Sunday, March 29, 2009

Sari Bari

I firt came across this link in " Once upon a tea time " blog by Aditi. When I clicked on the link, I read all I could find on human trafficking and this is what it had to say.

Facts on Human Trafficking

Up to 27 million people are caught in the trap of modern-day slavery (human trafficking)—80 percent of them female and up to 50 percent children. (2006 Trafficking in Persons Report)

The majority of trafficking victims are used for sexual exploitation and others for bonded labor, domestic work, military conscription, marriage, illicit adoption, sport, begging or organ harvesting. (2006 TIPR)
Human trafficking is one of the fastest growing transnational crimes, generating an estimated $10 billion per year. (Combating Child Trafficking, UNICEF 2005)

Victims are robbed of their most basic human rights and suffer under deplorable conditions, such as threats to themselves or family members, torture, rape, malnutrition and starvation, confinement and emotional abuse.

How It Happens?

A young village girl, probably from a poor family, is lured, tricked or cajoled by a “trafficker” who promises a good job, a marriage or a better life in the city. The “trafficker” could be a woman who has previously been prostituted herself, a young man promising marriage or jobs, or a family member. The young girl, close to being illiterate, hopes and longs for a new life and ultimately finds herself in a horrible nightmare from which she many never be able to escape.

Who is Vulnerable?

“While some reports view vulnerability factors to the root cause of trafficking, others state that ‘they merely exacerbate the vulnerability of marginalized and disadvantaged groups and render them increasingly more amenable to a variety of harm’ (Sangera 2002). Vulnerability factors relate to the socioeconomic and political contexts of people that are interlinked and can be divided into two categories—personal circumstances and socio structural forces.” (Taken from The Trafficking of Women and Children in India)

Low self-esteem
Economic deprivation (a high percentage of trafficked persons belong to low-income groups)
Low literacy
Physical disability
Family breakdown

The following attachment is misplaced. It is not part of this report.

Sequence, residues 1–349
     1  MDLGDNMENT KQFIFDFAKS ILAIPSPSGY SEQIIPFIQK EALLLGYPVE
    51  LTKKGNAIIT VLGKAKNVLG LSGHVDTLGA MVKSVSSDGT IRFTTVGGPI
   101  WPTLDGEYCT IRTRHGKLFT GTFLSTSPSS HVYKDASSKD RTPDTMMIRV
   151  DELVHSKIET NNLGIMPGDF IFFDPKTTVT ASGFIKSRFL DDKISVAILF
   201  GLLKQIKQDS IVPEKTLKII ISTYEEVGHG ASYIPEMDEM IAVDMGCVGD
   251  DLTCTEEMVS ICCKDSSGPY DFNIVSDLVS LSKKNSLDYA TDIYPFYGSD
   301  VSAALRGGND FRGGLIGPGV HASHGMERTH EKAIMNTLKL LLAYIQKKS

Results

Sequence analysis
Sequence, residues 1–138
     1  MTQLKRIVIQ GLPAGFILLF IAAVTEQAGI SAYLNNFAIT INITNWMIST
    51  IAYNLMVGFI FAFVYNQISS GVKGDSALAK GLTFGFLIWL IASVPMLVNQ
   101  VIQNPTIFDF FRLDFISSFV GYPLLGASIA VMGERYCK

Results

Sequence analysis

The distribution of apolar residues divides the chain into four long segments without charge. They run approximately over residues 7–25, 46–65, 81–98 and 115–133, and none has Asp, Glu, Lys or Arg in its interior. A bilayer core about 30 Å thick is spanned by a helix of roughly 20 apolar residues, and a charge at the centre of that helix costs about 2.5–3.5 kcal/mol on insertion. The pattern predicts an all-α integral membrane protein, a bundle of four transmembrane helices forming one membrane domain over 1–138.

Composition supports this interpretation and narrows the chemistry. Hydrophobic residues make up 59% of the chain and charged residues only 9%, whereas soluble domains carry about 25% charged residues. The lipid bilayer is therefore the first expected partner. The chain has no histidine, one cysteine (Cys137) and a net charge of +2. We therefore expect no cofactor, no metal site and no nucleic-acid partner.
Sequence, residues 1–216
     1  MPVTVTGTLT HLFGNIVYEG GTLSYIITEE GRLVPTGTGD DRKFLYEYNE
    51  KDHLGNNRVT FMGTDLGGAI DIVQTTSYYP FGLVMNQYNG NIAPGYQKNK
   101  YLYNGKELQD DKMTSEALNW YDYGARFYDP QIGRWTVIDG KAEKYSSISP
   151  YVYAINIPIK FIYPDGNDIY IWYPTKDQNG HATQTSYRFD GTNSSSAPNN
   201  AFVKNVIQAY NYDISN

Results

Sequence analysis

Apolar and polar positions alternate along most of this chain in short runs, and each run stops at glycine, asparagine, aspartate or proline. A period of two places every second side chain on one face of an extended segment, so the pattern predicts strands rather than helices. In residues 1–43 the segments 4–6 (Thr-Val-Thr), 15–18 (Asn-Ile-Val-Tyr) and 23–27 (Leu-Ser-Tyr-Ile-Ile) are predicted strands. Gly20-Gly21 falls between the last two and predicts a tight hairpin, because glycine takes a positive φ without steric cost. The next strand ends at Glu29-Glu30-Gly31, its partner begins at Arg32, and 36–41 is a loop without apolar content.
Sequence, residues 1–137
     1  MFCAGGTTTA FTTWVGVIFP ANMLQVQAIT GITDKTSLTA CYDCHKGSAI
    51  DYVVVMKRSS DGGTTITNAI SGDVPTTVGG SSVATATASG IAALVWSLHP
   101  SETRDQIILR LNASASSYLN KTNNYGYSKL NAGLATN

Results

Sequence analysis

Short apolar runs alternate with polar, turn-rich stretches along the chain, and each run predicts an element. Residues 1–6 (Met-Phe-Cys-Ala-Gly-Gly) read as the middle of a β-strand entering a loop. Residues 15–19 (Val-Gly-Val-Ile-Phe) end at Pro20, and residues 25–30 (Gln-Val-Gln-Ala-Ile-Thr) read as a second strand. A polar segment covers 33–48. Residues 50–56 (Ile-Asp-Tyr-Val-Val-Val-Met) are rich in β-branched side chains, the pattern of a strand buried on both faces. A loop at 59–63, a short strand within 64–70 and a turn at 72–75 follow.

Divorce or widowhood at an early age
Lack of awareness (i.e. family member may trick or traffic a trusting girl)
Poor labor market

Human Trafficking in Kolkata (Calcutta)

“Kolkata's red-light districts are home to approximately 20,000 female commercial sex workers plus their families. It is estimated that these women see an average of three to four clients daily, (so) then between 60,00 to 80,000 men are visiting commercial sex workers every day." (Sleightholme 10)
Another source cites the number of women in the sex trade in Kolkata as much higher.
"Although exact numbers are not known it is estimated that there are more than 60,000 brothel-based women and girls in prostitution in Kolkata" (Vettivcattil 42).

“The majority of sex workers who come to Kolkata via trafficking are not kidnapped but lured, coaxed and cajoled with false promises or some offer of help out of a dead-end or crisis situation. Force is used later after the women (girls) have already been sold. Mashis (brothel owners/older sex workers) use friendship, sympathy, also veiled threats to convince the women that it is now in their best interest to conform and begin working.” (Sleightholme 38).

“India is mainly a receiving country, a reception center for women from Bangladesh and Nepal. It also acts as a transit country and, being so large, has its own internal sending, transit and receiving areas. Kolkata is an important receiver. It also functions as a transit place from where Indian, Nepalese and Bangladeshi women who come to the city, either independently or through agents, are taken to red-light areas in other cities such as Bombay, or even to other countries in the Middle East.” (Sleightholme 40).

“It is estimated that roughly 100,000 to 160,000 Nepalese girls and women are working as sex workers in India. Roughly 20 percent of them are estimated to be under age (under 18), with 35 percent abducted under the pretense of marriage or jobs.” (Sleightholme 41).

Some estimates say that as many as 100,000 Nepalese girls are trafficked every year from Nepal to India. Some girls are sold directly into prostitution, but, in terms of sheer numbers, the most common path to sexual slavery is that walked by girls who are searching for an escape from poverty (Brown 20).

By transporting people from their homes, often out of their original countries, traffickers make these vulnerable people even more vulnerable. They remove them from their social support networks and place them in an environment in which the language, customs and work patterns may be unfamiliar. Trafficked people are easy to manipulate and exploit because they are made to be dependent on others. This is why the sex industry likes trafficked girls. A trafficked woman who is prostituted, however, will almost invariably find herself in the very worst of exploitative situations (Brown 22).


T. Louise Brown, Sex Slaves: The Trafficking of Women in Asia, (London: Virago, 2000).

Carlyn Sleightholme and Indrani Sinha, Guilty without Trial: Women in the Sex Trade in Calcutta, (New Brunswick, NJ: Rutgers University Press, 1997).

Jose Vetticattil and Sunitha Krishnan, The Shattered Innocence: A Field Study on Interstate Trafficking for Commercial Sexual Exploitation from Andhra Pradesh. (Hyderabad, India: Prajwala Anti-Trafficking Cell, 2002).
I urge you guys to take a look at the site and help the women in every little way we can to make some difference in their lives.
Love all serve all


  1. Thank you for the link Aditi. Had I not seen the link in your blog, I would never have been able to post this.